SPRINGFIELD — Marijuana "bars" would be prohibited, and teenagers caught driving under the influence of marijuana would lose their licenses, a Springfield audience was told Monday night by lawmakers crafting a bill to allow recreational use of cannabis in Illinois.
Hearing those details pleased state Sen. Andy Manar, D-Bunker Hill, whose town hall-style meeting on the issue attracted close to 100 people at Lincoln Library.
Manar said he hasn't taken a stand on a potential bill but said he was glad to provide a forum in which citizens could ask questions about the concept of marijuana legalization for adults to two fellow legislators leading the debate in the Illinois General Assembly.
State Sen. Heather Steans, D-Chicago, told the audience, "We have a huge opportunity in Illinois to do this right and carefully."
State Rep. Kelly Cassidy, D-Chicago, said she wants to use the legislation to make it harder for children and adolescents to use cannabis.
She said the legislation also would expunge the records of citizens whose careers and futures have been harmed by marijuana convictions for low-level possession and dealing.
In addition to building upon the regulatory structure in the state's medical-marijuana program, Cassidy said the estimated $350 million to $750 million in taxes raised annually by a recreational-marijuana program would provide needed funding for community development of impoverished neighborhoods.
"If we don't address the social-justice issues of this, if we don't address the collateral consequences of the 'war on drugs,' we will have failed," Cassidy said.
Steans and Cassidy said they will introduce a formal bill soon and hope to have bipartisan support in the Democratic-controlled legislature, as well as support from Gov. J.B. Pritzker, a Democrat who campaigned on a promise to back recreational use of marijuana for people 21 and older.
The bill, Steans and Cassidy said, would allow Illinoisans 21 and older to purchase and possess up to 30 grams, or about 1 ounce, of marijuana. Nonresidents would be able to buy and possess half that amount. Use of the drug in public wouldn't be allowed.
Adults would be able to grow up to five marijuana plants in each household. And municipalities, employers and landlords would be able to prohibit possession and use, the lawmakers said.
They said an estimated 800,000 people in Illinois buy marijuana regularly but only about 42,000 of them are in the state's medical-marijuana program.
Steans said public opinion polls show that two-thirds of Illinoisans support legalization of recreational cannabis if the substance is taxed and regulated like alcohol.
The Springfield town hall was the sixth such public event on the topic. When Steans and Cassidy have spoken at other town halls, a show of hands has revealed "the predominant view is of support," Steans said.
A show of hands wasn't requested at Monday night's meeting, even though The State Journal-Register asked that Manar poll the audience.
Manar said he forgot to do so during the meeting, but he said calls to his offices have been running 4-to-1 in favor of legalization.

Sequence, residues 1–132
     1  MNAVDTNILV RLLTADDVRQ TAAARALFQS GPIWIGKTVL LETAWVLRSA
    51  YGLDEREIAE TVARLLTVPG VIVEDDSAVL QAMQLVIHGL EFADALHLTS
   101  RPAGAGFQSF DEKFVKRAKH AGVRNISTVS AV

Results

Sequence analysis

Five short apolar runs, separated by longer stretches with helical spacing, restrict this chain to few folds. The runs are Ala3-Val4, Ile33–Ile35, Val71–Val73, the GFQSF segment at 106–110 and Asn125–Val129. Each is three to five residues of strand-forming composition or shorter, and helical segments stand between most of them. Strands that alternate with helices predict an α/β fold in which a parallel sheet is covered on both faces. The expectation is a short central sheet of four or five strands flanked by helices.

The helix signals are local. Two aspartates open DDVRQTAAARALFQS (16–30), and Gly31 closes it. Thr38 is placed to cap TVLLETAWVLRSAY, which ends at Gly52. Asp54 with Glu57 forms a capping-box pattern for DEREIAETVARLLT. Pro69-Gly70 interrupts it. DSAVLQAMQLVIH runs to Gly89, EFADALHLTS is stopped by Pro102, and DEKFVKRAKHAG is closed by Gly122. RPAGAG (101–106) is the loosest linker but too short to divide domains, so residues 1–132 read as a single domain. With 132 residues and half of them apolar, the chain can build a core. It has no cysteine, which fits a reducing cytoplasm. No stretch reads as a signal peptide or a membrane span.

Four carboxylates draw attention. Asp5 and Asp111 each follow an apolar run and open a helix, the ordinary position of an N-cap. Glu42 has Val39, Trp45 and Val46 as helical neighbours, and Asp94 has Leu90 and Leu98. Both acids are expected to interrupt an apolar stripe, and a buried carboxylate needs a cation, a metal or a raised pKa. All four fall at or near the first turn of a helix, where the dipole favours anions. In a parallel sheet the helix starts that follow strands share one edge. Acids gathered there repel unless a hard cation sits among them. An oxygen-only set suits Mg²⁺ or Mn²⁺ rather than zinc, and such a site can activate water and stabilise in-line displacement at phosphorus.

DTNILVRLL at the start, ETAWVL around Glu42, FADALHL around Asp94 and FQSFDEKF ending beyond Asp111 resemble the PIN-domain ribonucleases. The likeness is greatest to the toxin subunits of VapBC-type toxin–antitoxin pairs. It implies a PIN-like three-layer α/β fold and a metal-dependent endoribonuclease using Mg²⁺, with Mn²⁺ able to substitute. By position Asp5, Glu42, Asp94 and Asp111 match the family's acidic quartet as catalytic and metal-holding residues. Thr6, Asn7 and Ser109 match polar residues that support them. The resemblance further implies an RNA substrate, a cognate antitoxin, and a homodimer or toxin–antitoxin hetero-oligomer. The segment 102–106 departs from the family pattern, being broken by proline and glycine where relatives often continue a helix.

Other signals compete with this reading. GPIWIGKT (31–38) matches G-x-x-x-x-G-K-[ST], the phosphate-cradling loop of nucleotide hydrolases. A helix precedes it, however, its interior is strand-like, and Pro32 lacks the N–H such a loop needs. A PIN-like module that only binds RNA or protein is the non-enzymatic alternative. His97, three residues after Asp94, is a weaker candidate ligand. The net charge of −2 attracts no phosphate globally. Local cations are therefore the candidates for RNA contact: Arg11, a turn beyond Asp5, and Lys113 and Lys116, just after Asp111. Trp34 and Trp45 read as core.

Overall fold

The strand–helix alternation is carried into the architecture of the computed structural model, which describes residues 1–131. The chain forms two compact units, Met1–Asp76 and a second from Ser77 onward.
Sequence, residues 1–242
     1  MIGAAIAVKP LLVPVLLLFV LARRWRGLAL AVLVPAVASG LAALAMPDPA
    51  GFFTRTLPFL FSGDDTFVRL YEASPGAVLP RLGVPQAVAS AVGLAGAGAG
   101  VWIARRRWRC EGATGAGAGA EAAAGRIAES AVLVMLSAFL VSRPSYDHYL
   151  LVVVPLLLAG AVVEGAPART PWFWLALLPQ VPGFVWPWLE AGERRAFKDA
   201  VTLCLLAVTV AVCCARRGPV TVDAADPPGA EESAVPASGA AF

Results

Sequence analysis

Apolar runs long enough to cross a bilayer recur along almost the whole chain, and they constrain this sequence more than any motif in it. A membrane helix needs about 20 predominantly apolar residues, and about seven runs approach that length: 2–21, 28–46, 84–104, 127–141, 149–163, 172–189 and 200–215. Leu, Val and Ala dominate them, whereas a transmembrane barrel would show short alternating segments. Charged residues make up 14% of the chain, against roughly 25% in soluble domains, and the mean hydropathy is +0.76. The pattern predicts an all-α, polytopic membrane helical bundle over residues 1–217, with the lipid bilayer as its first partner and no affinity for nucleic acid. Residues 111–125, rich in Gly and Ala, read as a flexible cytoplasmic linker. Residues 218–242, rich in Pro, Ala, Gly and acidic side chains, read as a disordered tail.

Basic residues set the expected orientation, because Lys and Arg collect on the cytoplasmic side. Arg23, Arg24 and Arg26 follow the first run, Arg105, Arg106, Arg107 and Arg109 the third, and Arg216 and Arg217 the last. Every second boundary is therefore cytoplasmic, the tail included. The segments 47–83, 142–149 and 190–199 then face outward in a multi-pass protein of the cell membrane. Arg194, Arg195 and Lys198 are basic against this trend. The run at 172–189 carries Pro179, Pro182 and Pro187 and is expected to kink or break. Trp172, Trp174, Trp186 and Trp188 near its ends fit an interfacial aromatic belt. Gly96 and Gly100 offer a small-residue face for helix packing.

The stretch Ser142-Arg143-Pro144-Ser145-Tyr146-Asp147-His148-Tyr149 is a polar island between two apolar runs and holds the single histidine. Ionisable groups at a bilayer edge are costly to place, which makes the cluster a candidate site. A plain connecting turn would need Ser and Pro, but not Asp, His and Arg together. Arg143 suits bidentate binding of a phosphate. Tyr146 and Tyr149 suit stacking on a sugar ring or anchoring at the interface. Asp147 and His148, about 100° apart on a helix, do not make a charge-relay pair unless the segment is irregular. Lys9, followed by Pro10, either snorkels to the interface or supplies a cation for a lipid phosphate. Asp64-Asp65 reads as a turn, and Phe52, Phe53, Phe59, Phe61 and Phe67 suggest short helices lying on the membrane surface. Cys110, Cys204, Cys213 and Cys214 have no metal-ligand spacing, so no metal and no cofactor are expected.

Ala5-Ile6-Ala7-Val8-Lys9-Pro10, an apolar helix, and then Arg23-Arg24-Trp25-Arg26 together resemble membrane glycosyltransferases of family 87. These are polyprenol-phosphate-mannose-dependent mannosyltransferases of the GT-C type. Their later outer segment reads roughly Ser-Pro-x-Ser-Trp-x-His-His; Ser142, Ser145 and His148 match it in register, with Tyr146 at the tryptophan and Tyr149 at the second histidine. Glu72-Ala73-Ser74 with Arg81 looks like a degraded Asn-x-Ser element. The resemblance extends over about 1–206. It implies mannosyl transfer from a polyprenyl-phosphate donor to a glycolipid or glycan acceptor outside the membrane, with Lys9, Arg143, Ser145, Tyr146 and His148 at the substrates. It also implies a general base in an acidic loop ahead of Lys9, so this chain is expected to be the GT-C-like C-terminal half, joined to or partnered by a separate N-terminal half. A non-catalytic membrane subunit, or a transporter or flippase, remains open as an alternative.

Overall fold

Questions submitted by audience members indicated they wondered whether legalization will lead to more impaired driving, more crashes, more use by children and adolescents, and more use in general.
The questions also indicated people wonder how much municipalities and minorities will benefit from the economic opportunities if more marijuana dispensaries -- as well as new classifications such as transporters and processors -- are allowed through the legislation.
Cassidy dismissed claims that legalization leads to more crashes or impaired driving.
"There aren't definitive studies on this," she said, though Steans added that improvements are needed to make it easier and quicker for police to conduct roadside checks for marijuana-impaired driving.
Cassidy and Steans also contended legalization doesn't lead to more underage use. They said marijuana can have definite negative effects on the developing brain.
But Steans said: "People are using cannabis right now. Legalization won't change that."
Cassidy and Steans said legalization will provide money for more anti-marijuana-use campaigns in schools. And they said current law doesn't call for teens caught using marijuana behind the wheel to lose their licenses.
Steans said she wants the awarding of recreational-use dispensary licenses to be more transparent than the medical-marijuana program when it comes to who owns the companies that want licenses. And she said the legislation will give women and ethnic minorities a better chance of winning licenses.
Cassidy said the taxing structure still needs to be worked out in the bill so recreational marijuana isn't overtaxed to the point that the black market continues to flourish.
Audience member Jim Dixon, 71, a retired state worker from Springfield, said he supports legalization.
"I don't see it as any different than alcohol," he said. "It's a person's choice."
Roger Kanerva, 73, of Springfield, a state retiree, said he opposes legalization because he believes it would send a message that marijuana is harmless.
"I think it's bound to make driving more hazardous," he said.
Springfield resident Teresa Haley, 53, statewide and local president of the NAACP said her organization opposes cannabis legalization in Illinois.
She said the legislation wouldn't do enough to help blacks economically or through the criminal-justice system and would lead to more addiction to the drug, which remains illegal under federal law.
"It's just a way to make more money off the backs of poor people," Haley said.